How do the male moths of the closely related species detect the sex pheromones with opposite ratios? The pheromone receptors (PRs) play a key role in this process. The PR that tuned to Z11-16:Ald have been characterized in the previous study, they are HassOr13 and HarmOr13. However, the receptor tuned to Z9-16:Ald is still elusive. The PhD student Ke Yang together with other team members for the first time found that the PR HassOr14b is tuned to Z9-16:Ald, the major sex-pheromone component of H. assulta by using the Xenopus laevis oocytes expression system and two-electrode voltage-clamp recording system. Using in situ hybridization, they revealed that HassOr14b is co-localized with HassOr6 or HassOr16 within the same sensilla but expressed in different olfactory sensory neurons. As HarmOr14b, the ortholog of HassOr14b in the closely related species H. armigera, is tuned to another chemical (Z)-9-tetradecenal (Z9-14:Ald), they further studied the amino acid residues that determine their ligand selectivity. They created a series of sequence mutations by substituting the regional sequences and single amino acid sites of HassOr14b with the sequence of HarmOr14b. Finally, they demonstrated that two amino acids located in the intracellular domains, F232I and T355I, together determine the functional difference between the two orthologs. They conclude that species-specific changes in the tuning specificity of the PRs in the two Helicoverpa moth species could be achieved with just a few amino acid substitutions, which provides new insights into the evolution of closely related moth species. This study entitled with “Two single-point mutations shift the ligand selectivity of a pheromone receptor between two closely related moth species”, is published online in the prestigious journal eLife on 25 October, 2017 (https://elifesciences.org/articles/29100).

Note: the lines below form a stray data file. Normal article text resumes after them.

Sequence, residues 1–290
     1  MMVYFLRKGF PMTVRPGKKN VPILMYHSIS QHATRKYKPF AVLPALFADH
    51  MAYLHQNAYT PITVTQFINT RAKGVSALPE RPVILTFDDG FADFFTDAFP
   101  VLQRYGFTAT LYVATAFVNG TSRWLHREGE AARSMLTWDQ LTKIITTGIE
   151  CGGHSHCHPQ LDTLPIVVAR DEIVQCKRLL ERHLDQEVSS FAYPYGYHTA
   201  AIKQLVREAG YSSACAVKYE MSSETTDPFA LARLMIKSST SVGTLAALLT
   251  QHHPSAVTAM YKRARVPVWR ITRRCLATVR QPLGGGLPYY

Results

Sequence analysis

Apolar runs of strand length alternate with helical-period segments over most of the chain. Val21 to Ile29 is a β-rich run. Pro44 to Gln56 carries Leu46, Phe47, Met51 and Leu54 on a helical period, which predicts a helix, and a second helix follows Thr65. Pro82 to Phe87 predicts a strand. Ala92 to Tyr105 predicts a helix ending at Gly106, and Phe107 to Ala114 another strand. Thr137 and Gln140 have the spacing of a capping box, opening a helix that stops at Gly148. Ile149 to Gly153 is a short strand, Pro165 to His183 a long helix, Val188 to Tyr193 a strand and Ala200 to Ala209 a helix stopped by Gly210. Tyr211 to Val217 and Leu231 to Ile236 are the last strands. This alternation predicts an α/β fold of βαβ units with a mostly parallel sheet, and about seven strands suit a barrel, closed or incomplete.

Eight mutation regions in the predicted secondary structure of HassOr14b